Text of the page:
A father and his Down syndrome son take to the road in Jesse Ball’s new fabulist novel.
Census, by Jesse Ball, Ecco, 241 pages, $25.99
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The writer Jesse Ball is prolific. Since his first collection of poetry appeared in 2004, he has averaged over a book a year across genres. Ball has described his novel-writing process as a kind of durational performance: he completes most of them in two- to four-week bursts. (He also authors short stories and essays.) As a slow writer, I’m dubious—and, I’ll say it, jealous—of fast writing, so it’s not without begrudgement that I concede: Ball’s novels (I haven’t read his verse) are generally very interesting. With complex structural tricks and a playful absurdist gleam, they push and pull at fiction’s very fictiveness. Census, his seventh, is more modest than his others, even occasionally a plod, yet it sustains a subtly glowing warmth.
Ball’s brother Abram, to whom the new book is dedicated, died young from complications relating to Down syndrome. Ball explains to us in a preface that he wanted to write a novel “that helps people to see what it is like to know and love a Down syndrome boy or girl.” At heart an homage to Abram, Census follows a father and adult son (both unnamed) as they “take to the road” one last time: the father, our narrator, is dying, and he has accepted a new job as census taker as an excuse to go on a final journey with his son. His hope is to survive the trip, though he doesn’t believe he will—and he dreads leaving behind his son, who has Down syndrome, to be cared for by someone else. The novel advances in episodes as our narrator chronicles his journey from Village A to Village Z, braiding together his encounters with villagers with memories from his past, many involving his late wife, an avant-garde performer most famous for her work as an unfunny clown.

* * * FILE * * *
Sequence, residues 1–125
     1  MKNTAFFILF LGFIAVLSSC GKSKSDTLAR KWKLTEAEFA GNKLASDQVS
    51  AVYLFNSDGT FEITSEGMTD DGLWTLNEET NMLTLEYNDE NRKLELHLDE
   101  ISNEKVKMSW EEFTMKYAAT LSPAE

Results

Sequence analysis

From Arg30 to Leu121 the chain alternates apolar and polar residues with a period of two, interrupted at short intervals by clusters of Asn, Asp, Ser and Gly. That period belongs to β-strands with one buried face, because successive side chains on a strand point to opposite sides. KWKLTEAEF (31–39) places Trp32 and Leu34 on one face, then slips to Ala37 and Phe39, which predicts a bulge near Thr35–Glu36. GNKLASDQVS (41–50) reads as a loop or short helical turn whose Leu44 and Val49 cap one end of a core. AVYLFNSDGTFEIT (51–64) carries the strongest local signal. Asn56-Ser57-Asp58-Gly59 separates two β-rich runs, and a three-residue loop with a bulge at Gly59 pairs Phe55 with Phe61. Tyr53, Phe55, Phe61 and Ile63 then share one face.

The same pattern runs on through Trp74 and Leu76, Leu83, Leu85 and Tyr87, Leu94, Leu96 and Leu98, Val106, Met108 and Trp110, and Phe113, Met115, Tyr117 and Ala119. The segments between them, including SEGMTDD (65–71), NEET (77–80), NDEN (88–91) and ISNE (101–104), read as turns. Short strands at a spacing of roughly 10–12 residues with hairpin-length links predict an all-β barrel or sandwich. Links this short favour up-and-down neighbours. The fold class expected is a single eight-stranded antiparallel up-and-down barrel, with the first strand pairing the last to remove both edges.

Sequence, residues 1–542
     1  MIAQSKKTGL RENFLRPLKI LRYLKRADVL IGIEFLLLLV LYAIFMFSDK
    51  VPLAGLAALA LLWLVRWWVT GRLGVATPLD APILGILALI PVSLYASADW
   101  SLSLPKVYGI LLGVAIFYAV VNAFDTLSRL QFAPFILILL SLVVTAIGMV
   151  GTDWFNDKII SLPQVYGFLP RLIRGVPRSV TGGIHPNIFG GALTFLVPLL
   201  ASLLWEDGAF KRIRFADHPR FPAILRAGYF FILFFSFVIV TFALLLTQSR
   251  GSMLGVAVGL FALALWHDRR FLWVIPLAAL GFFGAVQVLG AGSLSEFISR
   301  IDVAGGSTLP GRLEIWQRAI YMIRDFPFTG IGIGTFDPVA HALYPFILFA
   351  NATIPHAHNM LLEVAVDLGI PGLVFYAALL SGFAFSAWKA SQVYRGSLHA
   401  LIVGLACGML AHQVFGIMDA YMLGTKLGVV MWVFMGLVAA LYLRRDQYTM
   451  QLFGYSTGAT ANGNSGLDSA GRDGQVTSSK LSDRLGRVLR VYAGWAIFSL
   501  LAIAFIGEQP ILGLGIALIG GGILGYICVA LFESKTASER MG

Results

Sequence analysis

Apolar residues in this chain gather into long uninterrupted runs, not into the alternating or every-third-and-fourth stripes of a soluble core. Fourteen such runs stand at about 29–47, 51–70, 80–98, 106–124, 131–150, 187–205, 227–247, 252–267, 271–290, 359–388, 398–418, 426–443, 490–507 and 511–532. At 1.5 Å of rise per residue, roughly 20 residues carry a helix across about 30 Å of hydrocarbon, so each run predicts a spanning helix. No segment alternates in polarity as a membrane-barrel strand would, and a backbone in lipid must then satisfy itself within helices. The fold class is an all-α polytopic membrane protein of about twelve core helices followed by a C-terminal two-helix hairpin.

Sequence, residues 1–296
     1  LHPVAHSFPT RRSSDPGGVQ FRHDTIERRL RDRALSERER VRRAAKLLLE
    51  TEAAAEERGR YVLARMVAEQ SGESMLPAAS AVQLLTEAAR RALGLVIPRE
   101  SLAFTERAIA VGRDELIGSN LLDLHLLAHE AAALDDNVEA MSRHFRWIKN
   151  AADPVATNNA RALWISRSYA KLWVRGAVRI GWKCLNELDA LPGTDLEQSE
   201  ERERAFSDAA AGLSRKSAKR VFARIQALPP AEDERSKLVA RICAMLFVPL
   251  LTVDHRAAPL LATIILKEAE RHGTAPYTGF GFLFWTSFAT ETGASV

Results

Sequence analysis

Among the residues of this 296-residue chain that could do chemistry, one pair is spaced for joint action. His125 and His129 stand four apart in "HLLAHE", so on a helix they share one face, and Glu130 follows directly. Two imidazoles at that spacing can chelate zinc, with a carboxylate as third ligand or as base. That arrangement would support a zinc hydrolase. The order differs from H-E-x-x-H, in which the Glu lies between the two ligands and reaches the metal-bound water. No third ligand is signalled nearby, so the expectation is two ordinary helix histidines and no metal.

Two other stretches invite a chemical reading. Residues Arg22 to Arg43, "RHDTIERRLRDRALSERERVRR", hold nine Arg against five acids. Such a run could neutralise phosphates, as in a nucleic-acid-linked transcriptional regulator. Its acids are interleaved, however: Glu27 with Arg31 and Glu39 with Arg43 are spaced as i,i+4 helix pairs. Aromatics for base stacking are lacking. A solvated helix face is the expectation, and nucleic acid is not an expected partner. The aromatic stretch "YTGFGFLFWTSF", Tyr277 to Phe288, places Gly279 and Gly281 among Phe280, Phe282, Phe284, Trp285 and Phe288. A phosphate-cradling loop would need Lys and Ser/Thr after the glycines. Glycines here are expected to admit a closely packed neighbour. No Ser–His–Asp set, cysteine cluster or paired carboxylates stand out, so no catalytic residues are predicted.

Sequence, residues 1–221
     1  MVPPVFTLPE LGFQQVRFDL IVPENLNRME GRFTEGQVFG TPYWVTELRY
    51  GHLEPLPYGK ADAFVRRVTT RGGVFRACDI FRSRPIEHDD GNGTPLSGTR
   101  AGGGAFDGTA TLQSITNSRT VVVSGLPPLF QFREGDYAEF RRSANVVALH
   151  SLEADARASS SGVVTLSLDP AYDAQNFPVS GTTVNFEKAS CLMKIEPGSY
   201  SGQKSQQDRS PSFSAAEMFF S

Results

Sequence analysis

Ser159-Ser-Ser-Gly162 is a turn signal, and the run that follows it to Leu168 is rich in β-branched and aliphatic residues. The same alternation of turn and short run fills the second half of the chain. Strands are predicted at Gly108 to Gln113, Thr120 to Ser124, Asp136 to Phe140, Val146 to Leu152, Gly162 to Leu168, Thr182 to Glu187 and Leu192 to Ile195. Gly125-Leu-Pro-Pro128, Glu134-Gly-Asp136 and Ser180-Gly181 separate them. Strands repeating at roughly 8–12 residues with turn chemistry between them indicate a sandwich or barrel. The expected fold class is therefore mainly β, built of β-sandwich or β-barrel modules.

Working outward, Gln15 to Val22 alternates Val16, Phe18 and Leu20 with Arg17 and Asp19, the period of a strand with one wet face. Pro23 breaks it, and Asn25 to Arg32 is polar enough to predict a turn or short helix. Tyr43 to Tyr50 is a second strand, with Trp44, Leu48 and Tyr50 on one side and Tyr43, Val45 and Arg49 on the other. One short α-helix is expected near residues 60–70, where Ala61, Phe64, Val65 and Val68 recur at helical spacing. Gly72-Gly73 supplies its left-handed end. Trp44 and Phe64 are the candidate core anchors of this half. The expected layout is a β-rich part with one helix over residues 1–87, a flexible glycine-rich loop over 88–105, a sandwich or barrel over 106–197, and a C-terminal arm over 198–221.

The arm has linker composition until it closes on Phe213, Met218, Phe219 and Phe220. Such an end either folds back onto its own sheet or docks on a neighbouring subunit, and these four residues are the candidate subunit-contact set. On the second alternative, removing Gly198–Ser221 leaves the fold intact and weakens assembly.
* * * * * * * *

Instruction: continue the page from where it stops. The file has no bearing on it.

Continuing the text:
Ball—named by Granta last year as one of the best young US novelists—is known for fabulist dystopias that involve puzzle or mystery. But each book is routed through different maps: Silence Once Begun (2014) is a tribute to Japanese writers Kobo Abe and Shusaku Endo; the distrustful young narrator of How to Set a Fire and Why (2016) resembles Salinger’s Holden Caulfield. Given its title’s bureaucratic tenor and Ball’s body of work, it’s not surprising that Census is partly funneled through Kafka—though it’s Kafka imported to the American road story. The setup—nameless father and nameless son on a journey across a grim landscape—evokes Cormac McCarthy’s The Road, though in this case with car and without apocalyptic calamity. I say “American,” though there’s no specified nation. Like much of Ball’s fiction, the world of Census is abstracted by a fabulist flattening. Few characters are given names. Its towns and villages are known as letters (A–Z). Its technologies include a car and train but no computers or cell phones. The census itself is analog, data transmitted via snail mail, tally administered via tattoo on the counted’s body.